The Science of the Spa: Blue Light

The new target of sun care and anti-aging products


Even though sun care products are subject to increasingly stringent regulations, analysts predict that the global market for these essential allies will reach the $24.9 billion mark by 2024, mainly thanks to the many innovations that are expected to emerge in the coming years.

For several decades, the primary concern for researchers had been to improve protection against UVB rays, those responsible for the dreaded sunburn. Then, driven by increasingly alarming studies on the effects of UVA rays, protection against these dangerous rays has become the main focus over the last 10 years. Not only have the regulations been updated to reflect this concern, but consumers have also been sensitized to the importance of using a broad-spectrum sun protection product in order to limit not only the impact of UVB rays but also to limit the effects of UVA rays on the skin. As research continues to progress and our habits evolve, researchers are now turning their focus to the higher wavelengths, particularly blue light wavelengths.

What is blue light?

Blue light, a high-energy visible light, is becoming more and more present in our daily lives. Blue light makes up 30 per cent of the light wavelengths found in sunlight but also, and more importantly, blue light radiates from digital screens and electronic devices (TVs, computers, smart phones, tablets) as well as from fluorescent bulbs and LEDs. Because of the large-scale use of these devices, and due to their growing popularity, we are now more exposed to sources of blue light for longer periods than ever before. And people of all generations are affected.

Did you know that…

  • Studies suggest that more than 60 per cent of people spend more than six hours a day in front of a digital device.
  • Some people may even spend 10 hours a day watching screens.
  • 88 per cent of Millennials often use two screens at a time.
Just like colours, blue light is part of the light spectrum that is visible to the human eye. On the spectrum, it is located immediately to the right of UVA wavelengths. It includes wavelengths ranging from 380 to 500 nm, making it part of the group of visible wavelengths with the highest energy.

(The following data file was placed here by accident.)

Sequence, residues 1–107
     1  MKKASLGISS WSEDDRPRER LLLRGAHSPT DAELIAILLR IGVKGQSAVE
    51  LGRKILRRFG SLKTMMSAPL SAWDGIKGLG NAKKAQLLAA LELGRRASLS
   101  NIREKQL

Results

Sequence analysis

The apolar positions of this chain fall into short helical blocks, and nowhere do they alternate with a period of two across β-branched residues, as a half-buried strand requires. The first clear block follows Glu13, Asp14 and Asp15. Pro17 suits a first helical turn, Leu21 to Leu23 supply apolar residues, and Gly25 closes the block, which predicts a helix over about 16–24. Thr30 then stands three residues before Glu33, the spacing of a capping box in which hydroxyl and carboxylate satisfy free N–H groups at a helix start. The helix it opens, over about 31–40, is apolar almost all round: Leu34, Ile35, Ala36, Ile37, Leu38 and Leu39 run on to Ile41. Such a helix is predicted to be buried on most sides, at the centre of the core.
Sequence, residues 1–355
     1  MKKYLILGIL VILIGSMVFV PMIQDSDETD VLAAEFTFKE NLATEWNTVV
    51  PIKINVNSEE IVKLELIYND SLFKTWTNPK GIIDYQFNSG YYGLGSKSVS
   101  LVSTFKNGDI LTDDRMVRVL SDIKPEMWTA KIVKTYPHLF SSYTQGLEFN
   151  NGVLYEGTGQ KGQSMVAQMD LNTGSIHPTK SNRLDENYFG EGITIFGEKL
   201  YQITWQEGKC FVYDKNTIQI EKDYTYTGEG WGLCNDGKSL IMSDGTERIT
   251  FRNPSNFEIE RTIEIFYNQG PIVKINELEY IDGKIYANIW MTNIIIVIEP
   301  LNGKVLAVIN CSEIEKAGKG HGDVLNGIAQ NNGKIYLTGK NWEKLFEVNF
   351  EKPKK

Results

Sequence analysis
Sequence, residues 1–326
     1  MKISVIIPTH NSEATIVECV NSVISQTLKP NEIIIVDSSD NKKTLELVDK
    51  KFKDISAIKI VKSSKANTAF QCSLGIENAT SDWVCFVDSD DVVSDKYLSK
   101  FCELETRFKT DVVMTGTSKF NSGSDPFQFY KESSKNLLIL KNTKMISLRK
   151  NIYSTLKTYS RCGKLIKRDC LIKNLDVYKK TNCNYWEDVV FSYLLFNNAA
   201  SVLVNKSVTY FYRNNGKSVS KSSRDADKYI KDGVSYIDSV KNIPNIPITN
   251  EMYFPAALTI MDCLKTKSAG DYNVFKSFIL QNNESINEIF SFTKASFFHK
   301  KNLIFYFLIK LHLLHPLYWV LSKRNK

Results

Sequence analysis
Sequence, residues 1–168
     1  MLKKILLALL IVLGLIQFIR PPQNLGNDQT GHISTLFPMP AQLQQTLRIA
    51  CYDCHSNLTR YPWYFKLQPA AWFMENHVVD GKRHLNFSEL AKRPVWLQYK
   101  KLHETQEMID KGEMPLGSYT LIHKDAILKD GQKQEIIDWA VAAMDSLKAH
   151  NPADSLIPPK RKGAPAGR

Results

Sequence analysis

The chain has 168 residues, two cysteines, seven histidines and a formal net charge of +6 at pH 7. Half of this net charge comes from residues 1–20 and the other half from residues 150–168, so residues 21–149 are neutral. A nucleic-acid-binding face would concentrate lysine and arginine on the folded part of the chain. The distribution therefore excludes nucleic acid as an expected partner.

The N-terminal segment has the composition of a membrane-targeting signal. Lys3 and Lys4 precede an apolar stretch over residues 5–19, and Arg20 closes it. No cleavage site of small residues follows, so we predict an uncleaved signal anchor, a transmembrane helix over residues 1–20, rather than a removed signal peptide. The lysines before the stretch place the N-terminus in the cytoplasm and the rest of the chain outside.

What are the effects of blue light?

Over the long term, blue light is damaging to our eyes. The natural filters of our eyes don’t offer enough protection against the blue light generated by the sun’s rays, let alone against the blue light generated by digital devices or emitted by fluorescent tubes. Blue light can cause damage to the retina and can contribute to age-related macular degeneration that can lead to blindness. But that’s not all! Prolonged exposure to blue light also has an impact on the skin, causing it to age prematurely. According to the research to date, its effects are comparable to those of UVA rays, with the exception of mutations in the DNA. Like UVA rays, blue light can cause the generation of a significant amount of free radicals (mainly reactive oxygen species (ROS)). A study conducted by researcher L. Zastrow reveals that 50 per cent of sun-induced oxidative stress is caused by visible light, the other 50 per cent being the result of the effects of UVA rays. Therefore, blue light deteriorates skin cells, causes the appearance of wrinkles and fine lines, contributes to the loss of elasticity and generates pigment spots.

Current solutions

At present, only sun products containing mineral sunscreens (titanium dioxide and/or zinc oxide) can – only partially – reflect blue light, and visible light in general. Chemical-based filters do not protect against blue light. Sunscreens or anti-aging creams with antioxidants also provide partial protection against the deleterious effects of blue light. Antioxidants should therefore be used daily, in the morning and in the evening, in summer and winter, because blue light is a constant threat, from morning to evening, in summer and winter. Furthermore, over the last year, several ingredients that can deactivate free radicals created by blue light have emerged on the market and it is likely that these will give rise to many future health care products aimed at protecting the skin from blue light. However, in all cases, there is no complete protection available. Research is actively focused on continuing to develop an ingredient that can neutralize blue light before it has time to penetrate the skin and produce free radicals.



Author: Isabelle Villeneuve is R&D Director – Head of the Valeant International Center of Excellence in Skincare. Passionate about cosmetology, she has more than 25 years of experience. Villeneuve is recognized as an international expert in skin care.



by Isabelle Villeneuve | Winter 2017